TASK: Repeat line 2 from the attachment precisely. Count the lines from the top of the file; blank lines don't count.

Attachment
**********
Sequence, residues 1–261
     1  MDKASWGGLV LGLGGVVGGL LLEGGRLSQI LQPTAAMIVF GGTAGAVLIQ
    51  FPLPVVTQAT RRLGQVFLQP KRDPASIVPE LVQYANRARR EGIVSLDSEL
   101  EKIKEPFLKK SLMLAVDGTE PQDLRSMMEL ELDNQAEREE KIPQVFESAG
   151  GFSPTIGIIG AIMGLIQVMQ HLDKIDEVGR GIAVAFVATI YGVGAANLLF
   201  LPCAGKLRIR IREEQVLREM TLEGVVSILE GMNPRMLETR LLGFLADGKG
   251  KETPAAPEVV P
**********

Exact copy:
     1  MDKASWGGLV LGLGGVVGGL LLEGGRLSQI LQPTAAMIVF GGTAGAVLIQ